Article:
JB04 Amnias River (88 BC)
AMNIAS RIVER - 88 BC
Bythinian vs Mithridatic
“When (King) Nicomedes and the generals of Mithridates came in sight of each other in a wide plain bordered by the river Amnias, they drew up their forces for battle. Nicomedes (the IV) had his entire army in hand; Neoptolemus and Archelaus had only their light infantry and the cavalry of Arcathias and a few chariots; for the phalanx had not yet come up. “
“They sent forward a small force to seize a rocky hill in the plain lest they should be surrounded by the Bithynians, who were much more numerous. When Neoptolemus saw his men driven from the hill he was still more in fear of being surrounded. He advanced with haste to their assistance, at the same time calling on Arcathias for help. “
“When Nicomedes perceived the movement, he sought to meet it by a similar one. Thereupon a severe and bloody struggle ensued. Nicomedes prevailed and put the Mithridateans to flight until Archelaus, advancing from the right flank, fell upon the pursuers, who were compelled to turn their attention to him. He yielded little by little in order that the forces of Neoptolemus might have a chance to rally. When he judged that they had done so sufficiently, he advanced again. At the same time the scythe-bearing chariots made a charge on the Bithynians, cutting some of them in two, and tearing others to pieces. “
“The army of Nicomedes was terrified at seeing men cut in halves and still breathing, or mangled in fragments and their parts hanging on the scythes. Overcome rather by the hideousness of the spectacle than by loss of the fight, fear took possession of their ranks. While they were thus thrown into confusion, Archelaus attacked them in front, and Neoptolemus and Arcathias, who had turned about, assailed them in the rear. “
“They fought a long time facing both ways. After the greater part of his men had fallen, Nicomedes fled with the remainder into Paphlagonia, although the Mithridatean phalanx had not come into the engagement at all. His camp was captured, together with a large sum of money and many prisoners. All these Mithridates treated kindly and sent to their homes with supplies for the journey, thus gaining a reputation for clemency among his enemies. “
(The above selection is from Appian’s annals of the Mithridatic Wars Chapter 18).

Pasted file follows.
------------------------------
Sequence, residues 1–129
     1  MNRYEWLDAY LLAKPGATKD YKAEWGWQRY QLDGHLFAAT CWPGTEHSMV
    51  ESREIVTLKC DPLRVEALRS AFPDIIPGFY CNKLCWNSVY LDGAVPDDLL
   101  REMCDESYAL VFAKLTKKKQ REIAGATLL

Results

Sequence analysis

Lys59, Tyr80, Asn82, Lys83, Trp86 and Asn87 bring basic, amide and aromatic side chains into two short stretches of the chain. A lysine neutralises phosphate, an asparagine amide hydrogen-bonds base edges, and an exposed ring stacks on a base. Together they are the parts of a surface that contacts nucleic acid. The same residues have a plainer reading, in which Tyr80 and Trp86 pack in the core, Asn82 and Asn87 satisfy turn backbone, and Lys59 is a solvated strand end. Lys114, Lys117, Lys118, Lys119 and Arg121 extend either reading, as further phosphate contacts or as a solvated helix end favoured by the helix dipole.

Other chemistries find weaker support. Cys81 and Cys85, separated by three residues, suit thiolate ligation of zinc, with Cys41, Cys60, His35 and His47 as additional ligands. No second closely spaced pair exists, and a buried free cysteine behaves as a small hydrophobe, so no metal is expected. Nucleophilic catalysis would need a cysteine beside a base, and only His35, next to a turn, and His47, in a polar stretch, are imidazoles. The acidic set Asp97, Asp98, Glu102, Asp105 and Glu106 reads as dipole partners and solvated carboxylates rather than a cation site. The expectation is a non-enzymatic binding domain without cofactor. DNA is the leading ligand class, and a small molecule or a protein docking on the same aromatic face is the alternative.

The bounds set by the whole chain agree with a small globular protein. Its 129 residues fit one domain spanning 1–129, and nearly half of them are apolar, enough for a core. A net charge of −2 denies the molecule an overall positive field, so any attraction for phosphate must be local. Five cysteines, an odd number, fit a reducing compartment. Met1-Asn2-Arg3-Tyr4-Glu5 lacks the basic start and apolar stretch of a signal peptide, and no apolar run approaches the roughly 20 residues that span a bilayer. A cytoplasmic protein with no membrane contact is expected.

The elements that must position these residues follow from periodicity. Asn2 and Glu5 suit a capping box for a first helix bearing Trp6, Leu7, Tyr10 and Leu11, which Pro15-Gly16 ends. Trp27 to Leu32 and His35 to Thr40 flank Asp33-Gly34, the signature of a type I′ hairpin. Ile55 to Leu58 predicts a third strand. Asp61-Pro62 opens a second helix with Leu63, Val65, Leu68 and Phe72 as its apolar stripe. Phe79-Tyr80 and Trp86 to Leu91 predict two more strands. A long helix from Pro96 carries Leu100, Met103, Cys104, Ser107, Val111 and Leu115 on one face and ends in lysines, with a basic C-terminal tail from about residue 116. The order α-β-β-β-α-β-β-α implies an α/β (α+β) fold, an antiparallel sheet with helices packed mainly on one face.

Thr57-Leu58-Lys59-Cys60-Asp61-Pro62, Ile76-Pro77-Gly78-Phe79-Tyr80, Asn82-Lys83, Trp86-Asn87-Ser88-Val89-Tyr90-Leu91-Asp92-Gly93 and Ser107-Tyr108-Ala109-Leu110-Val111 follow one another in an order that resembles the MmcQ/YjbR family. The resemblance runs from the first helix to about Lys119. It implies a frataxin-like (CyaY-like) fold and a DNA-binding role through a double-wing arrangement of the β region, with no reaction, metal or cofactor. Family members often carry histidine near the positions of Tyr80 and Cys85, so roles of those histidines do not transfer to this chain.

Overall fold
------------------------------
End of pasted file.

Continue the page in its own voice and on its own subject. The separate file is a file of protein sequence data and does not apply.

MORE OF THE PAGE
The stage is set. The battle lines are drawn and you are in command. The rest is history.
Leader: King Nicomedes IV
4 Command Cards
Bithynian units may not conduct ordered moves onto broken ground or hills on the very first Bithynian Player-turn. They may attack, missile fire, and advance into such hexes however on the first turn.
Leader: General Archelaus
5 Command Cards
Note: Mithridatic Mounted units that start the game on the Mithridatic Left Flank may not be ordered to move via card play by the Mithridatic Player until the Mithridatic 3rd Player-turn—this restriction is removed if any of them are attacked in any way (close-combat or missile) in Bithynian Player-turns 1 & 2, or if a Bithynian unit moves adjacent to any of them.
Units on both sides involved in close combat with the support of a Leader may only count one helmet hit amongst those rolled to inflict a hit on an opposing unit, unless the Leader is Archelaus then up to two helmet hits can be counted.
Units and the Rally Card:. No unit can be rallied to beyond five blocks or its strength at the start of the game whichever is less. If a Player rolls “swords” when attempting to rally he may freely chose which unit gets a block back.
Line Commands: Since this action is a kind of meeting engagement only a limited number of foot units can be moved via a line command card—in this scenario the limit is 5 units as the maximum that can be ordered via a Line Command Card.
Eastern Style Asiatic Armies Special Rules
Both opposing armies assumed to be a typical, but somewhat well trained Eastern Style Asiatic ‘hordes’, greatly inferior in equipment, discipline, skill, and fighting spirit in comparison to the premier first class fighting force of this era: the veteran Italian Legions of the Roman Republic---Therefore in Close Combat and Battle Back both armies units, save the Mithridatic Heavy Cavalry & Heavy chariots make no hits on their enemies if Swords are rolled—always consider Swords to be a ‘miss’ when rolled by either Player unless the unit is a Mithridatic Cataphract Heavy Cavalry or Mithridatic Heavy chariots involved in the close-combat or battle-back.